Daughter – If You Leave

9.5/10

Stream the record in full Daughterstream" class="ext-link" rel="external" target="_blank">here.

A few weeks back a guy I know was bemoaning his girlfriend’s risible taste in music, and asked if I had any recommendations that might coax her away from the Les Miserables soundtrack that was apparently accompanying most of their time together. Foolishly, I directed him towards Daughter, the London three-piece led by Elena Tonra, figuring that there was little chance that she could fail to be won over.

I was right: she was, and the Les Mis album quietly retired to a dusty corner to await its decomposition as morning awoke to The Wild Youth EP and nighttime fell to ‘Smother‘. She learnt the words and sang along. They fell apart not long after, this couple, for reasons the guy still doesn’t quite understand. He’s unlikely to be the last. Ever since their 2010 Demos Daughter have been making music to break up to, and debut album If You Leave is pretty much The Ring for full-blown emotional collapse: just one listen and Tonra comes crawling from the well in your direction, broken dreams and anti-depressants falling in her wake.

To be clear, this isn’t date music, dinner music or music for a lengthy car journey with anyone you care about, although it might form part of the solution for our rising birthrate. “I sometimes wish I’d stayed inside my mother/never to come out” sings Tonra on ‘Smother’: just try getting amorous after lines like that. Perhaps we should have it played in schools. But hey, relationships are overrated, and frankly were I forced to choose between a partner or these songs I’d take the songs. That’s not even an exaggeration.

Not since Portishead’s Dummy has heartbreak been so unswervingly depicted nor so compellingly rendered: If You Leave might be suffocating, but there’s a euphoria in going under. Mostly that’s because Tonra’s misery sounds so much better than the rest of ours, a masochism of reverbed guitars and layered voices, frantic percussion and striking production that puts our own Kleenexed sobbing and angry ice-cream consumption to shame. If You Leave might be thematically one-note but musically it’s disarmingly rich, and far more kinetic than an album that opens with the lines “Drifting apart like two sheets of ice my love/Frozen hearts growing colder with darkness” has any real right to be. Drummer Remi Aguilella earns much of the credit there, lending these wrenching narratives a vigour and force that mirrors their lyrical intensity, rising and receding like an erratic heartbeat.

By contrast Igor Haefeli’s guitar lines are spare and understated and fittingly fragile, often fraying at the edges to echo and static. It’s a combination that’s both muscular and introvert, the arrangements at once low key and very, very heavy: ‘Touch’ sets subtle synths against chiming notes and artillery beats, Tonra’s “dreaming of strangers kissing me in the night just so I, just so I can feel something” a disturbed counterpoint to the striking interplay of melodies behind.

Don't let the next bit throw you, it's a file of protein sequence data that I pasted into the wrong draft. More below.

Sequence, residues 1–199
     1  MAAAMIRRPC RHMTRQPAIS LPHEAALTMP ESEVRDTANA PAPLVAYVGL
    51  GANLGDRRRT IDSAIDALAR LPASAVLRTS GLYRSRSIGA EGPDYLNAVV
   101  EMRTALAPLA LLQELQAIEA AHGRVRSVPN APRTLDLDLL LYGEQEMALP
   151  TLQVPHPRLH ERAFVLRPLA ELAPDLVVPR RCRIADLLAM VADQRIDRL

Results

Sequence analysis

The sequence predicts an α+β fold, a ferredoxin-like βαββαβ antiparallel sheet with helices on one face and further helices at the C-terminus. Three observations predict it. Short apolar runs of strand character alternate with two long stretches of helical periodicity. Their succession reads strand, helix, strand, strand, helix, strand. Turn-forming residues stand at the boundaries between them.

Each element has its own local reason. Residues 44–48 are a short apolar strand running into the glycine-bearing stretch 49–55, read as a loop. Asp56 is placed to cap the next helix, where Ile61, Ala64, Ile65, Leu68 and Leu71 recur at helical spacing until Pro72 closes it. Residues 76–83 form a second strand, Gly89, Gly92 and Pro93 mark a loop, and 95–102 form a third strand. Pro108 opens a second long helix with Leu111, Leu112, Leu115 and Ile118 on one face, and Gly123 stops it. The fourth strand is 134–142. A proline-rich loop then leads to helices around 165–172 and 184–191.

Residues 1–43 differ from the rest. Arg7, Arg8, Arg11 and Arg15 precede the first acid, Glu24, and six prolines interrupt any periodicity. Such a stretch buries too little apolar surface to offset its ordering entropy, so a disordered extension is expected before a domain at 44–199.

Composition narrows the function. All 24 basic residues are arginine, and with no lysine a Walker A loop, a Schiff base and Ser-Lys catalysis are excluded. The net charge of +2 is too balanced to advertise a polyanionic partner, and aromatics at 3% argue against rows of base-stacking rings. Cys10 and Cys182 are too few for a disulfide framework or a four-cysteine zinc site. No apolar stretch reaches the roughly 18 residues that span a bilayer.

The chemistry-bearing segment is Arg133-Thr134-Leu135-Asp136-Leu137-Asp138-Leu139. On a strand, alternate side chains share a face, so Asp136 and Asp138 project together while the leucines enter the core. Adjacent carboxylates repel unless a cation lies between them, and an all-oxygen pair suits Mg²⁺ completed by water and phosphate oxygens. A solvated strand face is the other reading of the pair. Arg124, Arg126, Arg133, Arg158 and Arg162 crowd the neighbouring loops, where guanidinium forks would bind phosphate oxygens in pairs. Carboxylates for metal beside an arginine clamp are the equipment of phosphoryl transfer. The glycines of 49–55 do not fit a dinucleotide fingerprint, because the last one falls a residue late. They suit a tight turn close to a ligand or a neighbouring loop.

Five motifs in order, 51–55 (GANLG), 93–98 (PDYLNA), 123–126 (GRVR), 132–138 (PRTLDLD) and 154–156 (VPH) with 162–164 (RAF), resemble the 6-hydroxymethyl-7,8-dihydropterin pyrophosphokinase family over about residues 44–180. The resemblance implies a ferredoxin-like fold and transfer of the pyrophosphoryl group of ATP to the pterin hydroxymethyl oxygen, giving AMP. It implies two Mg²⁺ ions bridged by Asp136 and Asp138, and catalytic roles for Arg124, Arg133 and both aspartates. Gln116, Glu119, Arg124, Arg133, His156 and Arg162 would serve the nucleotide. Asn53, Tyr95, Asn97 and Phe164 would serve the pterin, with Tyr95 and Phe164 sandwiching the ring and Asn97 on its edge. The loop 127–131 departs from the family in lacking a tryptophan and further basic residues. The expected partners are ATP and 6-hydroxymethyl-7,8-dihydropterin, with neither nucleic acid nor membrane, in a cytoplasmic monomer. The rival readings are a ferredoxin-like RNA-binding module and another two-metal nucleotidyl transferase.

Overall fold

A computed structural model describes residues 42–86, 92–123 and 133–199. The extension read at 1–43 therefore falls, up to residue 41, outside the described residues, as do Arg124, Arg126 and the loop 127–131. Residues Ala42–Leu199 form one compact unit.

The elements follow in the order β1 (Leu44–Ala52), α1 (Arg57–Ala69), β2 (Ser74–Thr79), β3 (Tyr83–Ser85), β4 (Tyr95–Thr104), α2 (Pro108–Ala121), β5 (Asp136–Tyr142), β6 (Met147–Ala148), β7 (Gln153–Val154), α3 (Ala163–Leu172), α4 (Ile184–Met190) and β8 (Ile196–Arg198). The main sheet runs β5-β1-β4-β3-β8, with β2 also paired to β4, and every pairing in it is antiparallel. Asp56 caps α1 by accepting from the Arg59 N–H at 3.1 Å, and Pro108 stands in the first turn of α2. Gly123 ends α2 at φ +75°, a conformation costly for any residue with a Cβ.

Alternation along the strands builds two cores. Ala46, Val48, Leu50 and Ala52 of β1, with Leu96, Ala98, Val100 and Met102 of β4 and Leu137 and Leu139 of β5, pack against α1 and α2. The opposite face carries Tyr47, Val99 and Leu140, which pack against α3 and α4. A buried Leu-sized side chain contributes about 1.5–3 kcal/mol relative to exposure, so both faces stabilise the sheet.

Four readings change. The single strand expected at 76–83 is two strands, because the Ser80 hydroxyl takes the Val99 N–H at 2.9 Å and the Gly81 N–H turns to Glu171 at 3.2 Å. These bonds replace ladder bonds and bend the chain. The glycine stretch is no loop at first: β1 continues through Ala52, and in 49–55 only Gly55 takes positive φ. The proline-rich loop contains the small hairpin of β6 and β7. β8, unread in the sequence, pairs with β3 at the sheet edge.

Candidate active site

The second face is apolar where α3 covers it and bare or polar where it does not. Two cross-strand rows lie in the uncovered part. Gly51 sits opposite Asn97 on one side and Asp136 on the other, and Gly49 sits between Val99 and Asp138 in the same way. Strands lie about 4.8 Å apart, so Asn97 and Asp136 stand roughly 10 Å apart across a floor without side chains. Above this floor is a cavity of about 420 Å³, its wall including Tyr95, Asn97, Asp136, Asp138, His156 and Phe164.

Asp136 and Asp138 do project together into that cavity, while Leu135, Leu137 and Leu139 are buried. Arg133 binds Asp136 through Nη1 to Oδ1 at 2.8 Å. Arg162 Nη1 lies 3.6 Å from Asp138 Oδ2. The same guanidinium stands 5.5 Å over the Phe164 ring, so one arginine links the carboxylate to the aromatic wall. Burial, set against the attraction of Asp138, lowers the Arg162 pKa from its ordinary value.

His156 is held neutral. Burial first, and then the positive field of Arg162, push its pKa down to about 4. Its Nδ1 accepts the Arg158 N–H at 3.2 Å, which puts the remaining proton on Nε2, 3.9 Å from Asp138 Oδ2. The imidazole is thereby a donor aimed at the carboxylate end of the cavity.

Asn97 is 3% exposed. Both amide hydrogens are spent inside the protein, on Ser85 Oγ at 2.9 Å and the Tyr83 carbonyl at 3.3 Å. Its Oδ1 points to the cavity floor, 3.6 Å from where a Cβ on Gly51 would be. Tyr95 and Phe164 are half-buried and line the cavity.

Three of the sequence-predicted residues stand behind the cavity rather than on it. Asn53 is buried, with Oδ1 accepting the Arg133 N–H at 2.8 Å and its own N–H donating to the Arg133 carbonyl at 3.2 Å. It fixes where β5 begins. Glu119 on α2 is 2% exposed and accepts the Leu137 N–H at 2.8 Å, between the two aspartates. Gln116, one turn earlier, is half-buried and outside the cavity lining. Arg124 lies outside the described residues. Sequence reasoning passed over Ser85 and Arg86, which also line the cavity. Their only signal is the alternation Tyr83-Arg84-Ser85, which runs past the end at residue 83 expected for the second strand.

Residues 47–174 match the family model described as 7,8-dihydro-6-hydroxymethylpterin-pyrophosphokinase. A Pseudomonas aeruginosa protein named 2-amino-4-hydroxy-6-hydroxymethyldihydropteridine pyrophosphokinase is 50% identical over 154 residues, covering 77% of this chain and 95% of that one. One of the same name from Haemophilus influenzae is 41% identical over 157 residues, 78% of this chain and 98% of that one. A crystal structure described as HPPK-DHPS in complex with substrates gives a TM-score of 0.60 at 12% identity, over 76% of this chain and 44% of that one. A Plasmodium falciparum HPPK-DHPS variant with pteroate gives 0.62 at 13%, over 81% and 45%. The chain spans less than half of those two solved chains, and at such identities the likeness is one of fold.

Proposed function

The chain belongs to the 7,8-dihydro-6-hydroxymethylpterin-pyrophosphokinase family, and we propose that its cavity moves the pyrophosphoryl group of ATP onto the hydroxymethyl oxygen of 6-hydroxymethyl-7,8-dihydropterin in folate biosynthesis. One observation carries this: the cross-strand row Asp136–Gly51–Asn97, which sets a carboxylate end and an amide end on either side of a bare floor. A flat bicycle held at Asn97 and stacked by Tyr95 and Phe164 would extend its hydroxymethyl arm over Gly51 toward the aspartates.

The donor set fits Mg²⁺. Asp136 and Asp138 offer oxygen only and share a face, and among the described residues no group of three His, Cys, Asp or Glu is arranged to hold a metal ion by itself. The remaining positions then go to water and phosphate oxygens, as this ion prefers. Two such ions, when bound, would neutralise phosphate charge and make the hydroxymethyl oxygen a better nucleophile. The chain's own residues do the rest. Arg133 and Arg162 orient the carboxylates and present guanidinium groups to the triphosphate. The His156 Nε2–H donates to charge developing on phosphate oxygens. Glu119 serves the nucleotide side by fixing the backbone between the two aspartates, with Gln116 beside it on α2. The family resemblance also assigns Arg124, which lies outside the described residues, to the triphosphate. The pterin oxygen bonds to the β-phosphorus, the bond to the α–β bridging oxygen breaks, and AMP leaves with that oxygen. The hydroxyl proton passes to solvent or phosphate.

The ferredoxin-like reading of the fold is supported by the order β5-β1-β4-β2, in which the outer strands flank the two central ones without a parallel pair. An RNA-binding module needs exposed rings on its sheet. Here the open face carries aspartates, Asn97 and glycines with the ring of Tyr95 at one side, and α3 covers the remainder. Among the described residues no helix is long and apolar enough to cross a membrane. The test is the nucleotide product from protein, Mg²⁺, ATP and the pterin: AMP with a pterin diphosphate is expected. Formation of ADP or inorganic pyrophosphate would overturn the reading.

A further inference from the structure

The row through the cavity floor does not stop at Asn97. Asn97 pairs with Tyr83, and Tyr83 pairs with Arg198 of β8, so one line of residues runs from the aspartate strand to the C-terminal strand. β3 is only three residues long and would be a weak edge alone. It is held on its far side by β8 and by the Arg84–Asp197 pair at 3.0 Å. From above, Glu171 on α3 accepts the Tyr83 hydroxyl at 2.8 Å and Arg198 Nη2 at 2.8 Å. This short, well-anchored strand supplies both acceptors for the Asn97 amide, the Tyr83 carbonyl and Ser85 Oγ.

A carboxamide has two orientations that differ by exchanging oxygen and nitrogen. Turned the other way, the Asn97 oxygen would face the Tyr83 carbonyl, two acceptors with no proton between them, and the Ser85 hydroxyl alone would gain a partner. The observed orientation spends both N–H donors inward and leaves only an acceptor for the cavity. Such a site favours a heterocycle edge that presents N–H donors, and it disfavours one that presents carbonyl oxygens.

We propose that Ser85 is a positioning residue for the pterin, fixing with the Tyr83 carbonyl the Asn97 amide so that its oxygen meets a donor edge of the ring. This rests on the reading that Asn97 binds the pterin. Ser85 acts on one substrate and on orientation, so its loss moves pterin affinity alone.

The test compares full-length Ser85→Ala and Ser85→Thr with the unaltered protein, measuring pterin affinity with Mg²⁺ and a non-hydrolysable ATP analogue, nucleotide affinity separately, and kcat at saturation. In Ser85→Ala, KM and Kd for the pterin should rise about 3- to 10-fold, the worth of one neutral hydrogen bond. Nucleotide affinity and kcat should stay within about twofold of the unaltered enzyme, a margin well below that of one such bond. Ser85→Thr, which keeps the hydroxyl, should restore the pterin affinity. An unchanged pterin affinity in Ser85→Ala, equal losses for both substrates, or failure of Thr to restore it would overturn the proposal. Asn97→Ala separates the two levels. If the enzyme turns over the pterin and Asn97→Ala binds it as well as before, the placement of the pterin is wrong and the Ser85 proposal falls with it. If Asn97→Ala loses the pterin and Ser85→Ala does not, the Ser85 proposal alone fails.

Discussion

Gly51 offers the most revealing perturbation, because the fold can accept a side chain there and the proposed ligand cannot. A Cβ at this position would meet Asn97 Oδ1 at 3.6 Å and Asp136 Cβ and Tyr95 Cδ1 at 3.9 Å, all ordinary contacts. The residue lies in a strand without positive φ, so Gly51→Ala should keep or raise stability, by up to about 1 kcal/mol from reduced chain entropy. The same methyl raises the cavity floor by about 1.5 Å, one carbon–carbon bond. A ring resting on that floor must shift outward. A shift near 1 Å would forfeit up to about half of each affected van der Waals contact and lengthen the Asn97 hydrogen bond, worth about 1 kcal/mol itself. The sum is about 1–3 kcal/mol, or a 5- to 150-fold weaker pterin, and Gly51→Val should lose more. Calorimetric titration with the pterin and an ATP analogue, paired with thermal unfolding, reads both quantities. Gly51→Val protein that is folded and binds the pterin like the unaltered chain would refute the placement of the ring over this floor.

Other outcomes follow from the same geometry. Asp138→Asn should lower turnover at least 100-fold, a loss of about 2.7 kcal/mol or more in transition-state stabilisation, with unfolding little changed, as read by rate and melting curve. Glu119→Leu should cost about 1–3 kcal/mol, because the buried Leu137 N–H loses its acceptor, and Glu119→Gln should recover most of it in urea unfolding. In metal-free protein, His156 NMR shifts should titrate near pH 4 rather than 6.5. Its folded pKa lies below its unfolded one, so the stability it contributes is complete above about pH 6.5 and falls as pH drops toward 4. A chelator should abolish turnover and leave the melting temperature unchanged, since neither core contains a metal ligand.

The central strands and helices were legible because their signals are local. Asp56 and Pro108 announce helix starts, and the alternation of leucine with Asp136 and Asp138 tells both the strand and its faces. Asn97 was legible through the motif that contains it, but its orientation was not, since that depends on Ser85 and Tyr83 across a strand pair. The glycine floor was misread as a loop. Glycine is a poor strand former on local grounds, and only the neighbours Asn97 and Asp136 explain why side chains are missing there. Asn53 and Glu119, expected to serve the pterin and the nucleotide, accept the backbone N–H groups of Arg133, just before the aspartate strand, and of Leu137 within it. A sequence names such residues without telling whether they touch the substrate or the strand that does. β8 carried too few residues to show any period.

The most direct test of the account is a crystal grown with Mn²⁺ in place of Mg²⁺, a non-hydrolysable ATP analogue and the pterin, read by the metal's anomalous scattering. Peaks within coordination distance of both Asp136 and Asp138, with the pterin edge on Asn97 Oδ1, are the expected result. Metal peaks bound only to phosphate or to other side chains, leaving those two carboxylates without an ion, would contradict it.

There’s hints of The XX here, in the paring back and the emphasis upon atmospherics, and in a nauseous moment a friend dared to suggest Florence as a reference point for the vocals. Sure, they share a dexterity of voice, but Florence’s carnival has nothing on the worn desiccation of these songs – songs which simultaneously exhaust and elate, a dark night of the soul drawn out across ten tracks and sustained with total conviction.

There are few artists that could sing of beach holidays with the menacing portent of ‘Tomorrow’, nor hold our attention across forty five minutes of the kind of melodrama mostly found in the diaries of sixth-formers: by rights lines such as “Love hunt me down/I can’t stand to be so dead behind the eyes” should be winning Chortle awards, yet here they don’t seem in the least bit insincere. After a while they don’t even seem bleak, either, our acclimatisation to Daughter’s ashen environs an unnervingly swift process. Truth is, this isn’t a difficult album at all: If You Leave is staggeringly beautiful from beginning to close, a catharsis that’s both bracing and woozily amniotic.

Picking out high points is pointless: it’s the whole damn album, from beginning to close, and there is quite genuinely not a weak moment. And besides, there’s a character arc here: by the penultimate ‘Amsterdam’ Tonra is at least conceding that there might be an issue. “I’ve been thinking that I should see someone/Just to find out if I’m alright” she sings, and it’s difficult not to cry out in agreement. Secretly though we’d best hope she doesn’t: no artist was ever improved by “getting better”, and Daughter are simply too good to run the risk of them tainting their sound with happiness. We all heard what happened to Death Cab.